By Steven C. Ditto
On Thursday April 7, the Texas Program in Sports & Media hosted its sixth annual McGarr Symposium on Sport and Society. The symposium is the program’s capstone event, held every April, to bring to life a robust and interactive conversation about the role of sports and media and their collective impacts on American culture. The Texas Program in Sports & Media invites academics to the UT Austin campus to discuss sports-related public policy issues, cultural challenges and societal imperatives of sport consumption behavior.
Among the academics that presented their research was UT Assistant Professor of Sociology Dr. Ben Carrington. Carrington’s presentation, “Specters of Jack Johnson: Race, Sport, and the Post/colonial,” explored the state of the black struggle in athletics and the perception and depiction of black athletes by society and the media. Framed against the foil of Jack Johnson—the successful 20th century African-American boxer—Carrington’s dialogue sought to raise consciousness to the still uncomfortable relationship with which American media and society perceives and relates to the black athlete. Using a series of modern news items, historical photographs, and comparisons with the white athletic experience, Carrington’s research probed deeply into American cultural identity to uncover the role and roots of discrimination in sports.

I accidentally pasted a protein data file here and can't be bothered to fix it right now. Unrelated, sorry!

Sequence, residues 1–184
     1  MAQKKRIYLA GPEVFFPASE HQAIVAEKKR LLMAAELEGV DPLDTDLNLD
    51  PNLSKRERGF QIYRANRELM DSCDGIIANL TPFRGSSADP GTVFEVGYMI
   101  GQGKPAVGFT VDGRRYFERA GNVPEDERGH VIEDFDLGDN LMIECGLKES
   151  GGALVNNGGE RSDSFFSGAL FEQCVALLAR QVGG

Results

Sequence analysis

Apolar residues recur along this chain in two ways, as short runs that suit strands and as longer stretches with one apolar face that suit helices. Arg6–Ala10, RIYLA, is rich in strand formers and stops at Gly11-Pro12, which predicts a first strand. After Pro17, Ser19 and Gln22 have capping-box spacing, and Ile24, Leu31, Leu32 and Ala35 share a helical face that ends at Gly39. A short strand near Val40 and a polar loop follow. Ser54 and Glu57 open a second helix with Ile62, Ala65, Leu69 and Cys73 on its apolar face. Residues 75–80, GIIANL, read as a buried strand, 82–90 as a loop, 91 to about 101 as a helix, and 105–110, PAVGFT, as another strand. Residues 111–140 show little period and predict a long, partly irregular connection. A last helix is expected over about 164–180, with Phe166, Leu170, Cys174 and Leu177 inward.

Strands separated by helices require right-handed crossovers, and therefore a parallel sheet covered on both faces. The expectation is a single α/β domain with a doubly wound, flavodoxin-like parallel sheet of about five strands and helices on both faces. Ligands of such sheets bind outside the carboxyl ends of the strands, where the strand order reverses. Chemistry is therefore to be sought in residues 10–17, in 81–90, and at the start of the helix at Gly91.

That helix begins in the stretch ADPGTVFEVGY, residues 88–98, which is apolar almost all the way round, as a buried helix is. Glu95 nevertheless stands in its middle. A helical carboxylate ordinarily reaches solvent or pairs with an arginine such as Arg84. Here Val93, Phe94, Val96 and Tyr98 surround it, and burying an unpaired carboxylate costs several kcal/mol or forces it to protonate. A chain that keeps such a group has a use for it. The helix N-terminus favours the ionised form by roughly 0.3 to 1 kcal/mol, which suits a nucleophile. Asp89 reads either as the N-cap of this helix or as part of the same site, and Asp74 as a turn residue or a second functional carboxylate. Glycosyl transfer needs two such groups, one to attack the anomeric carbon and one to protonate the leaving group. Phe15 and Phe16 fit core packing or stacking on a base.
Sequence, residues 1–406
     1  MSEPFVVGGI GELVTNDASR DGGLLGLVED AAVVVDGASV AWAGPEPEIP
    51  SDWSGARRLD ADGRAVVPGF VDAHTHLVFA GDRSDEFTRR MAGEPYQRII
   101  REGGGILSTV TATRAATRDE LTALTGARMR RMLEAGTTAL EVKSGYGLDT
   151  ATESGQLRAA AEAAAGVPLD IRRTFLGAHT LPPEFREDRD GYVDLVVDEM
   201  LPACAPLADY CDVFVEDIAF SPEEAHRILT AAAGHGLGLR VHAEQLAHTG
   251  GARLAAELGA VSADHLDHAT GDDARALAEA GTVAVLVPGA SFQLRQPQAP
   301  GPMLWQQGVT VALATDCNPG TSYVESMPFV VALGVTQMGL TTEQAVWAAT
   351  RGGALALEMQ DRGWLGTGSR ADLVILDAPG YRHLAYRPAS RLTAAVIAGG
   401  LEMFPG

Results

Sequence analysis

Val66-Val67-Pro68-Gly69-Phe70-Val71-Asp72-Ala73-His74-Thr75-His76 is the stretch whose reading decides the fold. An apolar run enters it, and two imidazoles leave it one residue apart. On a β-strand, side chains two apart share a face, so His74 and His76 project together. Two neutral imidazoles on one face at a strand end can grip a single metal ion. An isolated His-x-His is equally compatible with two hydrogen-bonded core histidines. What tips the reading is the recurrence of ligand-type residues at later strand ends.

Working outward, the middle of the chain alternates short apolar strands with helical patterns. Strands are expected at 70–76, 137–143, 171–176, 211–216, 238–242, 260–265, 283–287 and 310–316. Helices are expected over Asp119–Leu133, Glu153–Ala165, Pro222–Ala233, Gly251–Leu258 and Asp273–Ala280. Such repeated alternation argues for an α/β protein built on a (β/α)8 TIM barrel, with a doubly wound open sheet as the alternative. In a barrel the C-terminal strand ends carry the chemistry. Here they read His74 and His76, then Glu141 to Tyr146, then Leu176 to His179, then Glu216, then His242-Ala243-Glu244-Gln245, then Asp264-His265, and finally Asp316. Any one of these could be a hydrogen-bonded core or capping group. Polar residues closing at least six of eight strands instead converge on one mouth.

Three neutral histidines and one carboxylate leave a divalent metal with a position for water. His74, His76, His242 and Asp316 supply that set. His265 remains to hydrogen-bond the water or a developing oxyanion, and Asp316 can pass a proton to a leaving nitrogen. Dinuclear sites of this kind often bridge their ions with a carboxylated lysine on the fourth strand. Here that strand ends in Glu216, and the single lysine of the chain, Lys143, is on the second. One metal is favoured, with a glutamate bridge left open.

Carrington addressed the push in the past to downplay black achievement in sports, and cast the black athlete as inferior, despite their wide-ranging successes in 20th century athletic competition. Today the depiction of the black athlete has changed according to Carrington:
“Representations of black athletes…work the other way around. By accentuating magnificent aspects of black physicality to such an exaggerated extent, the black athlete leaves the realm of the human all together. Modernization of the black athletic form reduces the black athlete as post-human, strange creatures possessing almost alien-like and certainly super-human abilities to jump higher, hang in the air longer, punch harder, run faster,” in comparison to “white human beings.”
Carrington rounded out the presentation with analysis of media depictions of modern African-American athletes, such as Tiger Woods and LeBron James.